Assange vows WikiLeaks strength despite new threats
WikiLeaks founder Julian Assange said the site will stay strong despite another blow to its funding and the publication Sunday of new details of the sex crime allegations against him.
The Australian began his third full day under "mansion arrest" at a friend's house while he fights extradition to Sweden, vowing that the whistleblowing website would continue to publish more secre US diplomatic cables.
Assange on Saturday denounced Bank of America, the largest US bank, for becoming the latest institution to halt financial transactions for Wikileaks after MasterCard, PayPal, Visa Europe and others.
The bank said its decision was "based upon our reasonable belief that WikiLeaks may be engaged in activities that are, among other things, inconsistent with our internal policies for processing payments."
"It's a new type of business McCarthyism in the US to deprive this organisation of the funds that it needs to survive, to deprive me personally of the funds that my lawyers need to protect me against extradition to the US or to Sweden," Assange told AFP.
The term was coined to describe the anti-communist pursuits of former US senator Joseph McCarthy from the late 1940s to the 1950s.
Assange is staying at Ellingham Hall, the mansion in eastern England of journalist friend Vaughan Smith, as part of the conditions of bail, which he was granted by London's High Court on Thursday.
He must also report daily to a nearby police station and wear an electronic tag.
Several British newspapers published lurid new details of the allegations of sexual assault against two women, over which Swedish prosecutors want to question him. The 39-year-old denies the charges.
The Guardian newspaper -- which has cooperated with WikiLeaks on the publication of the US documents -- and the Mail on Sunday both reported that the two women with whom he had sex in Sweden had gone to police after he refused to take an HIV test.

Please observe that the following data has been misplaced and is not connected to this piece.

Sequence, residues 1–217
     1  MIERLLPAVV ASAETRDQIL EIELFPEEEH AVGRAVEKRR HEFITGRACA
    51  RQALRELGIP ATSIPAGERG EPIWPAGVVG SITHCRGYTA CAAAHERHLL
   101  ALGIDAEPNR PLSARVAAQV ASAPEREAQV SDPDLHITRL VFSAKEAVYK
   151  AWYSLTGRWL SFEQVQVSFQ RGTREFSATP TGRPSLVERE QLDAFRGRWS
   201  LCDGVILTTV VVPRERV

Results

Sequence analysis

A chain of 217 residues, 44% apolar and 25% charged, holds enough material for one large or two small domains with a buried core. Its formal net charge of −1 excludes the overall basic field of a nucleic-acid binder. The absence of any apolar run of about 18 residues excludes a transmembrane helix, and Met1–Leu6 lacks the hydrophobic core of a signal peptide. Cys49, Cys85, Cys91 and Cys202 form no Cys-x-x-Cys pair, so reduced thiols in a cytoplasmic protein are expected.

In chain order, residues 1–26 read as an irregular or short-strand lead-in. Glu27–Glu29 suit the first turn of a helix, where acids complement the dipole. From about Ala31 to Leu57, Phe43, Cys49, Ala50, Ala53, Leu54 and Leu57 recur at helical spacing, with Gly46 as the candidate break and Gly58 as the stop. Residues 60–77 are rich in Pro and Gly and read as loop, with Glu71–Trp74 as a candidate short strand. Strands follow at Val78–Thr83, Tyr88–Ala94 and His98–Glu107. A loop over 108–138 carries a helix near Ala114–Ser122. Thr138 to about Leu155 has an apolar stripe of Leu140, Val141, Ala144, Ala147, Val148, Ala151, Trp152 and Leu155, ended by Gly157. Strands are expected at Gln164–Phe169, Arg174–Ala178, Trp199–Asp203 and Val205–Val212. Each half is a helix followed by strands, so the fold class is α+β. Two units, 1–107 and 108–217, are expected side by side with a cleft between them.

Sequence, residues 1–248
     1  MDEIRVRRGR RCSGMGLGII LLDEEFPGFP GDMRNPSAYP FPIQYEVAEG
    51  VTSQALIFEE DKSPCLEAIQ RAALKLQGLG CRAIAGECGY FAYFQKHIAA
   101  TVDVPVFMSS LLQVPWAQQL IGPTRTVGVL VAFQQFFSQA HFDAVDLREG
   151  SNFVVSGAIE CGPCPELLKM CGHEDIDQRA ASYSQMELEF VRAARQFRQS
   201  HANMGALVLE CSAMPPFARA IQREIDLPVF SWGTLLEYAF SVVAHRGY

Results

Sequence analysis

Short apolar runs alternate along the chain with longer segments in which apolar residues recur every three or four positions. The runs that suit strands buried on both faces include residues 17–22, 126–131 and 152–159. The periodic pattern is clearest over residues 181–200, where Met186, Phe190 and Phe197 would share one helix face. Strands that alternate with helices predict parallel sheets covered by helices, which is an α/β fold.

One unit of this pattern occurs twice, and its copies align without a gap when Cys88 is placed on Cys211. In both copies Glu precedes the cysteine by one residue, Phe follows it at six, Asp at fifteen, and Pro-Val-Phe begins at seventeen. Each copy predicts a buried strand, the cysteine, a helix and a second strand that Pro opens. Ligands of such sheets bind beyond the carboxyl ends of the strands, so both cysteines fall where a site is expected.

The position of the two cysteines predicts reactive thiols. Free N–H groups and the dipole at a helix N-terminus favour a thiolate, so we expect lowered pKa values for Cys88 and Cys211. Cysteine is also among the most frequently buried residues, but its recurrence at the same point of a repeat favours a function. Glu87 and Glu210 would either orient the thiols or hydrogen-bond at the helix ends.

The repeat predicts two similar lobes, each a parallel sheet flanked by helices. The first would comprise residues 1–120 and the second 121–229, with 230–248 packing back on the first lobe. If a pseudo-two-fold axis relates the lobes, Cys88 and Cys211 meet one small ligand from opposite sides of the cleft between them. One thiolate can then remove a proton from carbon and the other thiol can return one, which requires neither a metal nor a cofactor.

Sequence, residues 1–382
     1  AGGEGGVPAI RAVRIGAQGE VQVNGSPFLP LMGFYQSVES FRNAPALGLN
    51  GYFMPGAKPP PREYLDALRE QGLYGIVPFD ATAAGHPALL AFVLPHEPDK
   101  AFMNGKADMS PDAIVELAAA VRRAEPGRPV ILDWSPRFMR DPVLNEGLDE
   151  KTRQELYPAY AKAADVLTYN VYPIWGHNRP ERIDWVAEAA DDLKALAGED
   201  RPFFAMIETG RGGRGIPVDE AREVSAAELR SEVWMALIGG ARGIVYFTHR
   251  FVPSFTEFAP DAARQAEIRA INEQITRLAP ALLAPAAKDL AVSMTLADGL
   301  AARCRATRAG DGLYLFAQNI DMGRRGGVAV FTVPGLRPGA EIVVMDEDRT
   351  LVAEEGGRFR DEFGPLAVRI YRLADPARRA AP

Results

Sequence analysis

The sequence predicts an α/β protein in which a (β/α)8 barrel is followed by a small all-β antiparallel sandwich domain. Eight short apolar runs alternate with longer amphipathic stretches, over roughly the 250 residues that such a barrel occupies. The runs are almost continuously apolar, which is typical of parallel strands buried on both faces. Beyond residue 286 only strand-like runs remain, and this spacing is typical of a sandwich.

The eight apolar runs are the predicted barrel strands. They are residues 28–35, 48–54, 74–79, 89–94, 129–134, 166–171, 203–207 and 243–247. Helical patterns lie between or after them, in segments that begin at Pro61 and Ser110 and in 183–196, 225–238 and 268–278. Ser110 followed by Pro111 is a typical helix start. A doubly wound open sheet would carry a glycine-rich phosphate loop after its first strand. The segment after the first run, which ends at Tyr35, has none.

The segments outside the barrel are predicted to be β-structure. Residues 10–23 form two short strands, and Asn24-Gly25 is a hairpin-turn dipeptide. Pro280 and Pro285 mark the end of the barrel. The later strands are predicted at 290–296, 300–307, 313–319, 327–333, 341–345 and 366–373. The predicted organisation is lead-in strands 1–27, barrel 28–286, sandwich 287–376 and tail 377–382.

Assange hit out at Swedish handling of the case, accusing authorities there of leaking fresh details about the case that even he and his defence lawyers have not had access to.
The former computer hacker also reiterated that there were threats against his life and those of the website's staff, but he vowed that WikiLeaks would continue publishing the cables.
"We are a robust organisation. During my time in solitary confinement we continued to publish every day and its not going to change," he said.
Assange claimed earlier in an interview with Forbes magazine that a "megaleak" by the website will target a major US bank "early next year".
WikiLeaks has enraged Washington with its release of thousands of leaked US diplomatic cables and confidential military documents relating to the Iraq and Afghanistan wars.
Assange said Friday it looked "increasingly likely" the US would try to extradite him on charges related to the leaked cables as he savoured his first day on bail.
He said his lawyers believed a secret US grand jury investigation had been started into his role in the release.
Media reports suggest that US prosecutors are trying to build a case against Assange on the grounds that he encouraged a US soldier, Bradley Manning, to steal US cables from a government computer and pass them to WikiLeaks.
A report by congressional researchers said the Espionage Act and other US laws could be used to prosecute Assange, but there is no known precedent for prosecuting publishers in such a case.
The latest US diplomatic cables released by WikiLeaks indicated that the United Nations offered Zimbabwe President Robert Mugabe a retirement package and safe haven overseas if he agreed to stand down.
The offer was made by Kofi Annan, the UN secretary general at the time in 2000, said the memo, which was drawn up by US officials and cited the then-opposition Movement for Democratic Change (MDC).
© 2010 AFP